9. THERE ARE PETS FOR YOUR PETS—AND PETS FOR YOUR PETS’ PETS.

If owners don’t want their Neopets to feel lonely, they can purchase them pets of their own. Petpets are a small species of critter separate from the official Neopets lineup. To make things even more complicated the site also introduced petpetpets—tiny bug-like creatures that latch onto your petpets and keep them company.

10. DEVOTED FANS KEEP FORGOTTEN LOCATIONS ALIVE.

While Neopets is still up-and-running, it isn’t a carbon copy of the site you may remember from your youth. Lands have been scrapped and plotlines have been abandoned, but some are still available to explore if you know where to look. A small group of long-time Neopet players has been tending to a handful of forgotten links that are no longer accessible through the main map. Lost locations include a desert calculator tool, a volcano in the land of Tyrannia, and a land where everything is made of jelly.

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Monthly Internet Costs in Every Country

Thanks to the internet, people around the world can conduct global research, trade tips, and find faraway friends without ever leaving their couch. Not everyone pays the same price for these digital privileges, though, according to new data visualizations spotted by Thrillist.

To compare internet user prices in each country, cost information site HowMuch.net created a series of maps. The data comes courtesy of English market research consultancy BDRC and Cable.co.uk, which teamed up to analyze 3351 broadband packages in 196 nations between August 18, 2017 and October 12, 2017.

In the U.S., for example, the average cost for internet service is $66 per month. That’s substantially more than what browsers pay in neighboring Mexico ($27) and Canada ($55). Still, we don’t have it bad compared to either Namibia or Burkina Faso, where users shell out a staggering $464 and $924, respectively, for monthly broadband access. In fact, internet in the U.S. is far cheaper than what residents in 113 countries pay, including those in Saudi Arabia ($84), Indonesia ($72), and Greenland ($84).

On average, internet costs in Asia and Russia tend to be among the lowest, while access is prohibitively expensive in sub-Saharan Africa and in certain parts of Oceania. As for the world’s cheapest internet, you’ll find it in Ukraine and Iran.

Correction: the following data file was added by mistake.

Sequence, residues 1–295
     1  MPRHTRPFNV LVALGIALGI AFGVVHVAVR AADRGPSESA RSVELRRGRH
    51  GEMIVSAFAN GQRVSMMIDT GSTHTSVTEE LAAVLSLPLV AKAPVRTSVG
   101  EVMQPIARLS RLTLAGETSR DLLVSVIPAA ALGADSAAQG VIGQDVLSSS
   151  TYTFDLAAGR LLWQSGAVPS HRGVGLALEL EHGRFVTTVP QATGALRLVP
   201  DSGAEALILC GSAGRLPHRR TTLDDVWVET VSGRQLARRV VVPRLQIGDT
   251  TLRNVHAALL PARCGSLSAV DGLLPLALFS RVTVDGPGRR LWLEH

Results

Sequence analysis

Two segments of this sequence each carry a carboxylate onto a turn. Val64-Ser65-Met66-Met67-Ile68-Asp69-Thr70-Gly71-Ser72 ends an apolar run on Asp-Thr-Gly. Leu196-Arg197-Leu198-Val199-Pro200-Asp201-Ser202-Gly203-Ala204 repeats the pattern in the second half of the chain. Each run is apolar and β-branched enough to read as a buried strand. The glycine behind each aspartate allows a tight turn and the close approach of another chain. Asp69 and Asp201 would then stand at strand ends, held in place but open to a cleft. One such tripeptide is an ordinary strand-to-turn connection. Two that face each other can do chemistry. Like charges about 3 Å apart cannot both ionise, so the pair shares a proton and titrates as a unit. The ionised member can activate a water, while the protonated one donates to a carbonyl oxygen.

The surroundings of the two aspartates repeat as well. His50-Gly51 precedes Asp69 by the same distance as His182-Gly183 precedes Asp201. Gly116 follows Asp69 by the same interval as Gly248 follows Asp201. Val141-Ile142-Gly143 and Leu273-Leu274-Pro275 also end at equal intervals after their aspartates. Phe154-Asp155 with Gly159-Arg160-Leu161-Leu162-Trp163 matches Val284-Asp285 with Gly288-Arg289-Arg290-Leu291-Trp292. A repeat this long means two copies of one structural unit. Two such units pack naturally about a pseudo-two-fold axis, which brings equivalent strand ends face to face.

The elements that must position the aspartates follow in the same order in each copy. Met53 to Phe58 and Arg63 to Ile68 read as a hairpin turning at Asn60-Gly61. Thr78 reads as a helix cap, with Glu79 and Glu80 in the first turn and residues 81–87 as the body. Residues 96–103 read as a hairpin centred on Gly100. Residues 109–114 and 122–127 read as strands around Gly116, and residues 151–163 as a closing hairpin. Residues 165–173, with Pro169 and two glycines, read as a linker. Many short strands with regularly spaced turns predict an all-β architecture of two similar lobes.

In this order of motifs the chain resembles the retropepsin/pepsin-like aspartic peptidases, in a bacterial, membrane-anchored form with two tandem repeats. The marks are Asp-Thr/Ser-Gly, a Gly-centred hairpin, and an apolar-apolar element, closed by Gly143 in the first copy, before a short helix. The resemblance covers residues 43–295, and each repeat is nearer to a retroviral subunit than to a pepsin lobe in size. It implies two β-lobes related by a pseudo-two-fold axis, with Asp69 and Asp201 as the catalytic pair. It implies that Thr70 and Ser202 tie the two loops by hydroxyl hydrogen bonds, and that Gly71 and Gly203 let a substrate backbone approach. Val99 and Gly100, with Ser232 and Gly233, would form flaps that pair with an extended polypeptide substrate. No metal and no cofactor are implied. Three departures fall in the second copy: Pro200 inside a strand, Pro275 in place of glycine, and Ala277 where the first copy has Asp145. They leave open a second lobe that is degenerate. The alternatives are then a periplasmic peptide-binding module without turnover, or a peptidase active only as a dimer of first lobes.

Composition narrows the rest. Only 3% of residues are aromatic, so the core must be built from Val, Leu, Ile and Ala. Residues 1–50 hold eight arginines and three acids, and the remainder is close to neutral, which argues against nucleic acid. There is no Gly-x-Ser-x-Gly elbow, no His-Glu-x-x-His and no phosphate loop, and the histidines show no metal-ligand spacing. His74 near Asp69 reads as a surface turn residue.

Check out the maps below for more broadband insights, or view HowMuch.net’s full findings here.

Map of Internet costs in each country created by information site HowMuch.net.
HowMuch.net

Map of Internet costs in each country created by information site HowMuch.net.
HowMuch.net

Map of Internet costs in each country created by information site HowMuch.net.
HowMuch.net

Map of Internet costs in each country created by information site HowMuch.net.
HowMuch.net

Map of Internet costs in each country created by information site HowMuch.net.
HowMuch.net

[h/t Thrillist]

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Logging On to Public Wi-Fi Networks Is About to Get More Secure
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If you link up to a public Wi-Fi network like the one offered by your local coffee shop, you should know that your connection probably isn't very secure. Free Wi-Fi connections aren't encrypted, so other users on the network can potentially spy on what you're doing and steal your usernames and passwords.

But according to CNET, the Wi-Fi Alliance—a group made up of member companies like Apple and Intel that creates Wi-Fi standards and certifies products—has announced a major change to Wi-Fi security that's coming in 2018. A new security protocol called WPA3 (Wi-Fi Protected Access 3) makes networks more secure against hackers, whether it's your computer, smartphone, or Wi-Fi-enabled fridge that's connected (just in case you take your smart fridge to Starbucks).

You're probably already familiar with WPA2, the security system many Wi-Fi networks already run on. This is just an improvement on that system—a much-needed update after a computer scientist discovered a major vulnerability in October 2017—with better data encryption and higher security requirements. According to the Wi-Fi Alliance, it can protect users even if they use terrible passwords. (Which you shouldn’t.)

Right now, there are a few steps you can take to make your online experience more secure while you’re in public, but not everyone takes the time to put them in place. These new Wi-Fi protections don't require the extra step of going into your settings and making sure you've turned off file settings or subscribing to a VPN service.

The change is set to debut sometime in early 2018, according to a representative from the Wi-Fi Alliance. Until then, remember: A VPN really is your best friend. It may not completely protect you from hackers looking to steal your information, but it's a lot safer than surfing on your own.

[h/t CNET]